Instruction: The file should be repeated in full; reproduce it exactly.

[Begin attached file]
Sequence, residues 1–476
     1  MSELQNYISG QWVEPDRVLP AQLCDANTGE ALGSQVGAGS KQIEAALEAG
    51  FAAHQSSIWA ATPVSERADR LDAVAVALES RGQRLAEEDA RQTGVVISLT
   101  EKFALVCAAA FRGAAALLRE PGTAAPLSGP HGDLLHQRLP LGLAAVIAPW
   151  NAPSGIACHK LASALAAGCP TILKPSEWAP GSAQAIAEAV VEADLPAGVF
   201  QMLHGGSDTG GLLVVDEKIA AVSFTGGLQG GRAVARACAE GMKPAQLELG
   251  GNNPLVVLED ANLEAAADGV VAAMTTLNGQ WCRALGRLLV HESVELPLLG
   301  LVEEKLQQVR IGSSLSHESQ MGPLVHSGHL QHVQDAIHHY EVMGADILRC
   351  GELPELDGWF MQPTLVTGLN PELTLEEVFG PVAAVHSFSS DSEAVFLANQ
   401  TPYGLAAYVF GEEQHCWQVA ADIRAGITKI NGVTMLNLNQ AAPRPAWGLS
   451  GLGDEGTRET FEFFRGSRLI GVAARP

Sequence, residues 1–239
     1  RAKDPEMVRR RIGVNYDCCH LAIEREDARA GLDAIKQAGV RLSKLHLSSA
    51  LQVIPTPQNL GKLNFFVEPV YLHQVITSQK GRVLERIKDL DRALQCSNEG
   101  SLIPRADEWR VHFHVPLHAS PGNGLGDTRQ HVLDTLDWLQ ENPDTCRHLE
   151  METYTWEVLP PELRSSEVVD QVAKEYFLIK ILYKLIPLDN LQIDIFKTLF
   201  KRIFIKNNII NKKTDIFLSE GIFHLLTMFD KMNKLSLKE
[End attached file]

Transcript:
Sequence, residues 1–476
     1  MSELQNYISG QWVEPDRVLP AQLCDANTGE ALGSQVGAGS KQIEAALEAG
    51  FAAHQSSIWA ATPVSERADR LDAVAVALES RGQRLAEEDA RQTGVVISLT
   101  EKFALVCAAA FRGAAALLRE PGTAAPLSGP HGDLLHQRLP LGLAAVIAPW
   151  NAPSGIACHK LASALAAGCP TILKPSEWAP GSAQAIAEAV VEADLPAGVF
   201  QMLHGGSDTG GLLVVDEKIA AVSFTGGLQG GRAVARACAE GMKPAQLELG
   251  GNNPLVVLED ANLEAAADGV VAAMTTLNGQ WCRALGRLLV HESVELPLLG
   301  LVEEKLQQVR IGSSLSHESQ MGPLVHSGHL QHVQDAIHHY EVMGADILRC
   351  GELPELDGWF MQPTLVTGLN PELTLEEVFG PVAAVHSFSS DSEAVFLANQ
   401  TPYGLAAYVF GEEQHCWQVA ADIRAGITKI NGVTMLNLNQ AAPRPAWGLS
   451  GLGDEGTRET FEFFRGSRLI GVAARP

Sequence, residues 1–239
     1  RAKDPEMVRR RIGVNYDCCH LAIEREDARA GLDAIKQAGV RLSKLHLSSA
    51  LQVIPTPQNL GKLNFFVEPV YLHQVITSQK GRVLERIKDL DRALQCSNEG
   101  SLIPRADEWR VHFHVPLHAS PGNGLGDTRQ HVLDTLDWLQ ENPDTCRHLE
   151  METYTWEVLP PELRSSEVVD QVAKEYFLIK ILYKLIPLDN LQIDIFKTLF
   201  KRIFIKNNII NKKTDIFLSE GIFHLLTMFD KMNKLSLKE